A statement from the government noted that Antigua and Barbuda representatives, having held discussions with the cruise line company “fully understand and acknowledge the misunderstanding of the past.
“Both parties expressed their desire to maintain the relationship that has been in place for the last 30 years,” the statement noted.
It quoted Tourism, Economic Development and Investment Minister, Charles Fernandez, who led the Antigua and Barbuda delegation to the talks as saying that the brands of Carnival Corporation have been partners with the island for many years contributing approximately US$48 million to the local economy over the past five years.
“Certainly we appreciate and respect their desire to provide a greater experience and value to their guest visiting Antigua,” he said, adding that the government has invested an estimated US$110 million in cruise facilities and other upgrades.
“Further upgrades to be invested will bring the total capital investment to over half a billion EC dollars (One EC dollar=US$0.37 cents). This will create the basis for more cruise visitors as well as opportunities and added jobs for our people,” Fernandez said.
The statement noted that at the conclusion of the discussions, both parties “agreed to an arrangement that provides a foundation for Carnival to continue to operate in Antigua for many more years to come.
“While some calls were rescheduled, other calls that were being considered for cancellation will now as planned and both parties agreed to continue discussions on the possibility of having more summer calls.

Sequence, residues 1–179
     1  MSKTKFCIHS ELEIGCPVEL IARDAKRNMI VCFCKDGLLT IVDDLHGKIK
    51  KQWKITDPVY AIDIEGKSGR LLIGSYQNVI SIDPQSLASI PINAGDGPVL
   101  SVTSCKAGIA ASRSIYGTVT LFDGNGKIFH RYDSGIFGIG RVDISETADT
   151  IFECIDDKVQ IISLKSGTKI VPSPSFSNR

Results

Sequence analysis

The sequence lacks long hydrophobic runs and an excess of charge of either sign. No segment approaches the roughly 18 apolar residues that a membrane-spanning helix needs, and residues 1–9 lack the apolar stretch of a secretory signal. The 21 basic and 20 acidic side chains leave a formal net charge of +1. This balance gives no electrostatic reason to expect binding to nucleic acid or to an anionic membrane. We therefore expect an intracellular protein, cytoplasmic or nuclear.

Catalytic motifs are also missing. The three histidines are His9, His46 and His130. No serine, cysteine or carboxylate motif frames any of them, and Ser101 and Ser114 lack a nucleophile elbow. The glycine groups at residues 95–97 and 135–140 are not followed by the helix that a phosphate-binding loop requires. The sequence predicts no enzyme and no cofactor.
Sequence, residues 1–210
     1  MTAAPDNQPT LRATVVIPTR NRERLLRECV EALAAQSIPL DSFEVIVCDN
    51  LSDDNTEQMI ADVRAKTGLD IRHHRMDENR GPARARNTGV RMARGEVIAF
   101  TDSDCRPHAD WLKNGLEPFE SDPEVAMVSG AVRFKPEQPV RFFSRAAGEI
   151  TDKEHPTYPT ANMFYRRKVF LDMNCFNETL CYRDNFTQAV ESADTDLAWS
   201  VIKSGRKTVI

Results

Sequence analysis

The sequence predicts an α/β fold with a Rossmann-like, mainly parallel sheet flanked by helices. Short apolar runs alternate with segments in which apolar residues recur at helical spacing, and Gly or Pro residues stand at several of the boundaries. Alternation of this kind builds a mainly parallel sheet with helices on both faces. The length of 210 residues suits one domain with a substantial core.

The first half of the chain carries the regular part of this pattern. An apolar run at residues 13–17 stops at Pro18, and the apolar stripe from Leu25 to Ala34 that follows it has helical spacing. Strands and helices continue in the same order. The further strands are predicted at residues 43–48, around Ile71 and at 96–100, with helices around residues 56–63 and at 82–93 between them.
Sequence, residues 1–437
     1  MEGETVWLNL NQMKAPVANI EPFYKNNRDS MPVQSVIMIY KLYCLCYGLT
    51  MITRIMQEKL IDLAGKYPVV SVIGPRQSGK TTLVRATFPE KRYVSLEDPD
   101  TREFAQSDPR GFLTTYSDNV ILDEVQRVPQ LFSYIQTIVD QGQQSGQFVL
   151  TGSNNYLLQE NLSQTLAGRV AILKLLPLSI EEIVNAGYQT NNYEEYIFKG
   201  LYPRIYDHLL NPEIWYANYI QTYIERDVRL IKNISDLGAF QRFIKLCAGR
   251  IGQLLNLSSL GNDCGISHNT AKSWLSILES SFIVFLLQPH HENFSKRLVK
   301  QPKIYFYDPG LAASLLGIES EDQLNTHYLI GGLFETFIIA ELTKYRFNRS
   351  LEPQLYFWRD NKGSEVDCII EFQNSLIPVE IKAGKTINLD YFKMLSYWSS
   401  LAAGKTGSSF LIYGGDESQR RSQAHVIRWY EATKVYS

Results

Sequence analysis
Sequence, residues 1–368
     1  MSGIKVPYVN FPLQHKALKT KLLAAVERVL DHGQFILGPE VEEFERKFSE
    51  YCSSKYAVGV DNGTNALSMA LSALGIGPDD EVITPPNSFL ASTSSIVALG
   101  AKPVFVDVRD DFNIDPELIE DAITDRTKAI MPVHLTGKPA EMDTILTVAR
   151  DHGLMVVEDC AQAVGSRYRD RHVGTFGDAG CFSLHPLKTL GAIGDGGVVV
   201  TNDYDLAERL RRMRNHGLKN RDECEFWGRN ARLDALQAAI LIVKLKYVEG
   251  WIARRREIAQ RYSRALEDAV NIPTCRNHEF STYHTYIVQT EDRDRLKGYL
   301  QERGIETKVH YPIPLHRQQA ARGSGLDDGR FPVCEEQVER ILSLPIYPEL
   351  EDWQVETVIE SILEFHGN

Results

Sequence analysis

“Further it was agreed that berth reservations and scheduling will be made directly with the government or an agent appointed by the government”.
But the leader of the main opposition United Progressive Party (UPP), Harold Lovell, said that the government needs to provide more answers to the population about the agreement reached.
“We need answers as to what has happened and we need to understand that in that said agreement …there is no mention of Global Ports Holdings,” he said, noting that in the concession agreement Global ports has the exclusive rights to deal with the cruise lines.
“So here we have an agreement coming out which speaks to the government that they (Carnival Cruise) will be dealing with the government or an agent appointed by the government. There is no mention at all of Global port,” Lovell said on Observer Radio here.
The government earlier this year, defended its decision to enter into a multi–million dollar agreement with the London-based Global Ports Holdings (GPH) for the development of the cruise port in the capital.
Prime Minister Browne said that the US$83 million agreement with GPH would change the landscape of the island.